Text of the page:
What can governments do to promote actual economic growth? Demonstrate to people–especially the poorest people–that their rights are respected and protected. We want to promote all sorts of investment; cash and labor and time and effort and care. All of it. The guy who decides to set up a neighborhood bakery rather than saving up his cash to emigrate. The policy environment that promotes those little, small-scale investments also creates a culture in which larger-scale investors might build a factory. If a broad swath of the population feels the government is supporting and protecting them, those are also fundamental preconditions for the kind of eccentric creative environment where innovations emerge. And that is the highest-value economic growth engine in the world today. It is not coincidental that a metropolis that actively promotes racial and gender diversity is home to the highest-value companies in the world. So I can draw some lessons from San Francisco for policy in Kabul, if I listen carefully and respectfully to both cities. Not all policies will translate, which becomes clear through listening.

But I have also listened to American conservatives, even as they sneer down their noses at me. I have heard a lot of normative declarations about The Way the World Ought To Be, from people in positions of privilege where they do not need to listen too carefully to the way the world actually is, at the moment. I, too, am a proponent of change. Though I am preemptively dismissed as someone who ‘opposes business’ and ‘opposes economic growth’, I am actually extremely in favor of it, as are my ‘Liberal feminist’ peers. The fact that I think sustained growth requires some broad distribution of income, some major reinvestment of profits into infrastructure and education, is dismissed preemptively and with extreme prejudice.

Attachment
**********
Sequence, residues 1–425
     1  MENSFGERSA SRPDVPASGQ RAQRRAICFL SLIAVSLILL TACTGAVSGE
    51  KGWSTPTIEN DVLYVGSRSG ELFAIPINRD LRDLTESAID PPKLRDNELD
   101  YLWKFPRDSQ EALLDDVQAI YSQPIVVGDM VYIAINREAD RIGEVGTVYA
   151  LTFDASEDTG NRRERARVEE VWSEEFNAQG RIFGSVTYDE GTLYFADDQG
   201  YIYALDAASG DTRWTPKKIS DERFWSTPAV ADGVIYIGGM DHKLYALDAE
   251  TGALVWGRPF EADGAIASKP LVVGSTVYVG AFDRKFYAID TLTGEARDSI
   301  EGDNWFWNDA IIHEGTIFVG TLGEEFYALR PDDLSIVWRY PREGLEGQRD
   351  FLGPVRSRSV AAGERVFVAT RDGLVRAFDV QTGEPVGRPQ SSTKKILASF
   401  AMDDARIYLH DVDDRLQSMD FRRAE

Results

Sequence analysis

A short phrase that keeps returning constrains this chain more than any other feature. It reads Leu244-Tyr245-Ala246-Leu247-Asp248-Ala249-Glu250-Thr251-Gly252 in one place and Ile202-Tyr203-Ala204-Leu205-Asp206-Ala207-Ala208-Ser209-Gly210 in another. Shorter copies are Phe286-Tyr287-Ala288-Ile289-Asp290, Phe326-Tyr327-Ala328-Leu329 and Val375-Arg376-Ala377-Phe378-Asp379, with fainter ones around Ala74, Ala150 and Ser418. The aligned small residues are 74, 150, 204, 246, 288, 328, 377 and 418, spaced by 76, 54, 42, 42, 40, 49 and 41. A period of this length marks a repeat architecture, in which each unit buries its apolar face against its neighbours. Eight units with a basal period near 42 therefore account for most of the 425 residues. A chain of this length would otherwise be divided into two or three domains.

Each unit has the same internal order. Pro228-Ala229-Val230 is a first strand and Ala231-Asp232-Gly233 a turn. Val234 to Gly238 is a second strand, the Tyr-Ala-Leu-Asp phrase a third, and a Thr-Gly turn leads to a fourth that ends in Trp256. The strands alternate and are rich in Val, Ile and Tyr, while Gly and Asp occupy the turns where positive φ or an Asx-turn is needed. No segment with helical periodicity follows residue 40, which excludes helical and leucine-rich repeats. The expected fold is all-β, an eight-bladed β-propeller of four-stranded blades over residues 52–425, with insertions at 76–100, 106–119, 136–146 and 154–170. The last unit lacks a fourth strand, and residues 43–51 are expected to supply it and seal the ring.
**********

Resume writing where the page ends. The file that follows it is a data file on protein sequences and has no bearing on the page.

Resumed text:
Rather than rigid mottoes, I will pay much more attention when I hear good questions: What balance of regulation and permissiveness promotes the most economic growth? How does that balance need to change over time and in different contexts? What is the best way to promote (or just permit) a rich ecology of small businesses to flourish? What is the most effective way to publicly invest tax revenue? How do we design the combination of taxes to reflect the returns-of-service appropriate to each form of payment? How do we use the inevitable, and perpetual irritation of tax-payment to promote both participatory government and effective answerability? We can’t even get to these questions in an American political climate in which conservatives still feel that all government is inherently the problem.